LIMITS TO GOOD SAMARITANS?
Thinking a friend was trapped in a wrecked car that was about to explode, Lisa Torti leapt into action and pulled the woman to freedom.
But rather than being hailed as a hero, Torti was hit with a negligence suit by the victim, who claimed her rescuer’s actions either caused or contributed to permanent paralysis.
Last week, the California Supreme Court unanimously agreed to review the case to decide whether Torti should be protected by the state’s Good Samaritan law, which grants immunity from liability to individuals who render emergency care in a crisis.
Los Angeles County Superior Court Judge Howard Schwab granted Torti summary judgment in 2005, finding she had rendered emergency care in good faith. But earlier this year, L.A.’s Second District Court of Appeal reversed, saying the Good Samaritan law only applies to people who provide emergency “medical” care.
In his response to the petition for review, Torti’s lawyer, Ronald Kent, a partner in Sonnenschein Nath & Rosenthal’s Los Angeles office, claims the appeal court’s ruling “imposes unworkable distinctions that necessarily will discourage ordinary people from helping others during emergencies, including widespread disasters.”
Torti’s troubles began when she and other friends, including Alexandra Van Horn, went nightclubbing in Woodland Hills on Halloween night of 2003. At about 1:15 a.m. the group departed in two separate cars.
Soon thereafter, the vehicle in which Torti was riding came around a curve on Topanga Canyon Boulevard to discover that the car in which Van Horn was a passenger had crashed into a light pole. Torti, fearing an explosion after seeing what she thought was smoke and leaking fuel, rushed to the car and pulled Van Horn free.
Van Horn subsequently underwent surgery for a lacerated liver and a fractured vertebra. She is now paralyzed.
Van Horn sued Glen Watson, the driver of the crashed car, in May 2004, and a year later added Torti and another friend. Torti and Watson filed cross-complaints against each other.
In his petition against review, Watson’s lawyer, Edwin Brown, a partner in Irvine’s Crandall, Wade & Lowe, argued that the Good Samaritan law � codified as Health & Safety Code � 1799.102 � was intended to protect only trained emergency personnel.
“The court of appeal,” he wrote, “correctly found no legislative intent to provide immunity for non-lifesaving conduct and non-medical care by untrained individuals.”
Van Horn’s attorney, Robert Hutchinson, a partner in Beverly Hills’ Hutchinson & Snider, piled on by arguing in a separate brief that the Good Samaritan law wasn’t meant to immunize individuals whose actions are reckless or careless. He says Torti freaked out at the accident scene even after realizing there was no immediate danger.
“The law must recognize that it is human nature for people to rally to the aid of a fellow citizen in trouble,” he wrote. “And, the law must recognize that it is also human nature for some people to react badly in emergency situations either by subconsciously exaggerating the seriousness of the situation, attempting to render a service they are unqualified to perform or intentionally conjuring a need for action when none is needed in order to cloak themselves in the mantle of a ‘hero.’”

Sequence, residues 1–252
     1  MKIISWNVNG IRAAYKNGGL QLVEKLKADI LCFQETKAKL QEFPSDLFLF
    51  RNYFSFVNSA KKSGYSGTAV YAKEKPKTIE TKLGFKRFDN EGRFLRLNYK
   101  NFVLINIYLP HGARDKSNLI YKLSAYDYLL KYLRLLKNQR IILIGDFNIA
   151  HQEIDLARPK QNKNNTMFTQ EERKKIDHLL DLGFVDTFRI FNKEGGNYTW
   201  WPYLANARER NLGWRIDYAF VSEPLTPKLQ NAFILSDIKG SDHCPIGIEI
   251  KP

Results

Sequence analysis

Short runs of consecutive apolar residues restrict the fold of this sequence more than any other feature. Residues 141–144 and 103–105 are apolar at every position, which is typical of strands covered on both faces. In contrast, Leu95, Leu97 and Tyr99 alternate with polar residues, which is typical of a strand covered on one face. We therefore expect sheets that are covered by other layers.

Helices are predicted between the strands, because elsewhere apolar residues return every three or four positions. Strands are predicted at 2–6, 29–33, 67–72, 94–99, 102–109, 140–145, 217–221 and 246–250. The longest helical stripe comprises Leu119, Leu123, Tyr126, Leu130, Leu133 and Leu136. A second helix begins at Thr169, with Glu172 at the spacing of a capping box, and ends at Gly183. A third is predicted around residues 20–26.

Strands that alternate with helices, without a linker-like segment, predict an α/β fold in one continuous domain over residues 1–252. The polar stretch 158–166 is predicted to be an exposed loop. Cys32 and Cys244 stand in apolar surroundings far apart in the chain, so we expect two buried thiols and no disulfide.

The case is Van Horn v. Watson, S152360.
� Mike McKee
YOU SAY TERM LIMITS …
What could possibly put famed plaintiff firm Girardi & Keese on the same side of an issue as its past adversaries, Pacific Gas & Electric Co. and big pharma? Politics, of course.
The Los Angeles law firm, the utility giant and the Pharmaceutical Research and Manufacturers of America have donated a combined $210,000 to the Committee for Term Limits and Legislative Reform. That’s the group with ties to Assembly Speaker Fabian Nunez that wants to tweak the time limits currently capping lawmakers’ tenures in Sacramento.
“I think this is the only issue that Girardi & Keese, PhRMA and PG&E have ever agreed on,” founding partner Thomas Girardi said. “Maybe this is a new beginning. Maybe this is one small step for mankind.”
Today, legislators can serve for up to six years in the Assembly and eight years in the state Senate. The Committee for Term Limits is circulating a ballot initiative that would allow lawmakers to spend just 12 years in the Legislature. But it would also allow them to serve all of those years in just one house. And it would extend term limits for legislators, like Nunez, already holding office.
Labor unions, Indian gaming tribes, trade groups and yes, the Girardi & Keese firm have poured more than $2 million altogether into the Committee for Term Limits’ campaign. Girardi & Keese may seem like an odd member in this generous group. The firm secured more than $600 million in settlements from fellow donor PG&E over groundwater contamination claims. It’s also involved in Vioxx litigation and other pharmaceutical torts.
Opponents of the term limits initiative have accused donors of signing big campaign checks to curry favor with Nunez. But Girardi insisted that he’s passionately opposed to California’s current set of term limits for legislators, calling them “a total failure” that’s shifted power in Sacramento from short-term lawmakers to special interests.
“I don’t have a dog in this hunt, other than I’m old � and I’ve been involved in Sacramento politics for 100 years and I’ve seen that this is terrible,” Girardi said.
� Cheryl Miller